Pete Carroll’s approach works for Seahawks, but Richard Sherman still undermined him with criticism

Dec 16, 2016, 10:34 AM | Updated: 2:07 pm

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The Seahawks led the NFL in penalties. Pete Carroll is taking it upon himself to fix the issue. (AP)


Richard Sherman had every right to express his opinion about his team passing on the 1-yard line.

He was wrong to do it. At least he was if you care anything about the dynamics of a team. Wrong when he began to shout on the sidelines after the offense threw a pass from the opponent’s 1-yard line, and even more wrong as he sat in front of his locker and did everything up to and including a reference to the most painful loss in the franchise’s history to express his dislike of the decision to throw a pass at an opponent’s goal line.

That’s the easy part, though, drawing a line in the sand that most people understand intuitively. Pointing out the mistakes of others is toxic to a team environment. It is divisive. It makes others defensive. It invites someone to point out that while that goal-line interception was Seattle’s final offensive play in the Super Bowl loss to New England, Sherman was on the field for a defense that allowed Tom Brady to complete 14 of 16 passes in the fourth quarter for two touchdowns of that game.

See, it’s kind of dicey, right? The problem when you a point a finger on a team is that three fingers will be pointing right back at you.

O’Neil: Ability for Seahawks to criticize is part of their identity

The tough part is what to do now. Specifically, what Pete Carroll does now. Not just with Sherman specifically, but how he keeps a headstrong player within the confines of a team. Because it’s not just Sherman. It was Marshawn Lynch last season, and it will be the next player who feels emboldened enough within the environment that Carroll has created in Seattle’s locker room to challenge the structure of the team.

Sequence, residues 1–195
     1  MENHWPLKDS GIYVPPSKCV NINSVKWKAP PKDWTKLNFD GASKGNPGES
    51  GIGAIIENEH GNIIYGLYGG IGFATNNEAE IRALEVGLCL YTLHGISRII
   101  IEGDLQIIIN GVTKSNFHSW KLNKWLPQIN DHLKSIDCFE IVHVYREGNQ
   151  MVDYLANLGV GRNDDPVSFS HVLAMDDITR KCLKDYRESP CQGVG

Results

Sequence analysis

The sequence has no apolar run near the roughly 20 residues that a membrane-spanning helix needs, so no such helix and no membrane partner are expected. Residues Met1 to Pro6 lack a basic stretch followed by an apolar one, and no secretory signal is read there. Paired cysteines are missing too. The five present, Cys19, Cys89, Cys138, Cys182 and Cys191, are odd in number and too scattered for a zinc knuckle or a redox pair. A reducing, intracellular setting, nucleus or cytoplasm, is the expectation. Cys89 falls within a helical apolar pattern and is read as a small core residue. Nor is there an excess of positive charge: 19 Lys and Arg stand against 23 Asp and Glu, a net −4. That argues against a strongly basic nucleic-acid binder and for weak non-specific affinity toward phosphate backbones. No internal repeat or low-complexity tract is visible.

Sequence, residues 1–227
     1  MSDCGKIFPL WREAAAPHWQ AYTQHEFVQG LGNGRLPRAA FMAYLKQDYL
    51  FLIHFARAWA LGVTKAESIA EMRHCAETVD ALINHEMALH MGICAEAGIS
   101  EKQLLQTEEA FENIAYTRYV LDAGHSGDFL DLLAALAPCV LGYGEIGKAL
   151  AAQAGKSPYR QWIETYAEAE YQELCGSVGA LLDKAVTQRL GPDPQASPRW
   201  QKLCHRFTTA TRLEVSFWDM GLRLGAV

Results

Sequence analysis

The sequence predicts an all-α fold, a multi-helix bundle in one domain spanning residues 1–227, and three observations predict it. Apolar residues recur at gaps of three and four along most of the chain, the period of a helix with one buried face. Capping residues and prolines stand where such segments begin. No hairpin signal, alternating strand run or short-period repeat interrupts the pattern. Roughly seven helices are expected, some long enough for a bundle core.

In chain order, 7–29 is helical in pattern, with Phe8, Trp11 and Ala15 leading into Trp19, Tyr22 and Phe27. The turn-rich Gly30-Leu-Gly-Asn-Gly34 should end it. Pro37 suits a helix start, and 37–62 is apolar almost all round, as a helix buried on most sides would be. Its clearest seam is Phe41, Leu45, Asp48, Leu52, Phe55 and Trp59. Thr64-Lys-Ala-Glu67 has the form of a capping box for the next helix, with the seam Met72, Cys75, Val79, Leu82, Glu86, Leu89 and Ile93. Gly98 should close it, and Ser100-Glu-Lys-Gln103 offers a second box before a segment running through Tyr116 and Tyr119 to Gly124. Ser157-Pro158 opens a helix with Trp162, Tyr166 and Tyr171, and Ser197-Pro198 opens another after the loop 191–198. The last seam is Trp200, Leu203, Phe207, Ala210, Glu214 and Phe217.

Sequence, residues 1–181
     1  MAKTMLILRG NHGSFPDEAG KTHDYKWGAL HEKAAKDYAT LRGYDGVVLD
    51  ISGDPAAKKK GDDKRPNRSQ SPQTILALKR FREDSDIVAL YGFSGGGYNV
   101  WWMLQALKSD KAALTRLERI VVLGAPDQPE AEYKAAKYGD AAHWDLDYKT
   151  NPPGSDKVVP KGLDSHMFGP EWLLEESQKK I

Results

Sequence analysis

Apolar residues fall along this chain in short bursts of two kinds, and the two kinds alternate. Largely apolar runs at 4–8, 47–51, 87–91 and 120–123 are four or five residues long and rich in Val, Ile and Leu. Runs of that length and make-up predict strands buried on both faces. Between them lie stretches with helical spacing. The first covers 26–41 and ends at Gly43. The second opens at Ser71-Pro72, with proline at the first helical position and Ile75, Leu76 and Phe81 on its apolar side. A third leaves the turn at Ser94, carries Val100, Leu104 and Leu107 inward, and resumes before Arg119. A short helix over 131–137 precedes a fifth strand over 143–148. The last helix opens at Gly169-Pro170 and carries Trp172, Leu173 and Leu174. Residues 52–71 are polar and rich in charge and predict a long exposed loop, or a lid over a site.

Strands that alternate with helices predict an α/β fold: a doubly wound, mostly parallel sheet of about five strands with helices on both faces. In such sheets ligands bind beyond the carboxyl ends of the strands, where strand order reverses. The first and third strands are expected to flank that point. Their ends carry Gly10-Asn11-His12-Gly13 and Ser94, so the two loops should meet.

That’s what Sherman did. He insisted he knew better than the coaches. He did it first on the sidelines, which is more understandable when you consider the emotions of the game in general and a player like Sherman specifically. And then Sherman did it again in the locker room after the game, openly and calmly discussing his belief that the team should not throw the ball when at the opponent’s 1-yard line.

“I’m upset about us throwing from the 1,” Sherman said after the game. “I’d rather do what most teams would do and make a conscientious decision to run the ball straight up the middle.”

This is the tradeoff for Carroll’s approach. He has cultivated an atmosphere in which players are encouraged to express themselves. They are empowered, and this is not because of lax discipline or being a players’ coach or anything like that. It’s because Carroll believes that allowing players to express themselves and embracing their personalities you get more out of that player.

You know what? He’s right. His nine years at USC speak to that. So do five straight playoff berths in Seattle. In fact, Sherman’s pro career speaks to the power of Carroll’s approach. Sherman has blossomed here in Seattle, becoming a better player in the NFL than he ever was at Stanford. Seattle got four Pro Bowl seasons from Lynch, who had so thoroughly antagonized his previous employer that the Bills gave him away for two late draft picks.

The question isn’t whether Carroll’s approach works. It does.

But the flip side is that when you empower players to express themselves, you can’t always control how, when and where they express it, let alone how they choose to convey that message.

And that’s how you get Lynch turning toward Seattle’s bench as he lined up for a play, extending his middle finger after the team called a pass at the goal line. We laughed at that one.

Or Doug Baldwin celebrating a touchdown in the Super Bowl by miming a bowel movement. We all cringed there.

And on Thursday night’s prime-time game you had Sherman not only yelling at the head coach on the sideline to express his preference that the team not risk an interception at the goal line, but saying he had every right to do so after the game.

Don’t expect Carroll to come out with any line-in-the-sand type statements. He’s not going to suspend Sherman, and he probably won’t go too far in publicly criticizing him.
Carroll doesn’t coach that way. He doesn’t govern through fear, enforcing rules to emphasize his control.

But he does have rules, the first of which is to protect the team, something that was undermined by Sherman’s actions during the game and his words after it.

This is Carroll’s challenge. Not just with Sherman, but going forward. In college, those emboldened players naturally cycle out. They graduate. They enter the draft early.

In the NFL, you have to find ways to keep those players within the team structure. That is Carroll’s challenge going forward not just with Sherman, but with the next player who feels emboldened by success and achievement and ego to not just think he knows best, but to say he does.

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Pete Carroll’s approach works for Seahawks, but Richard Sherman still undermined him with criticism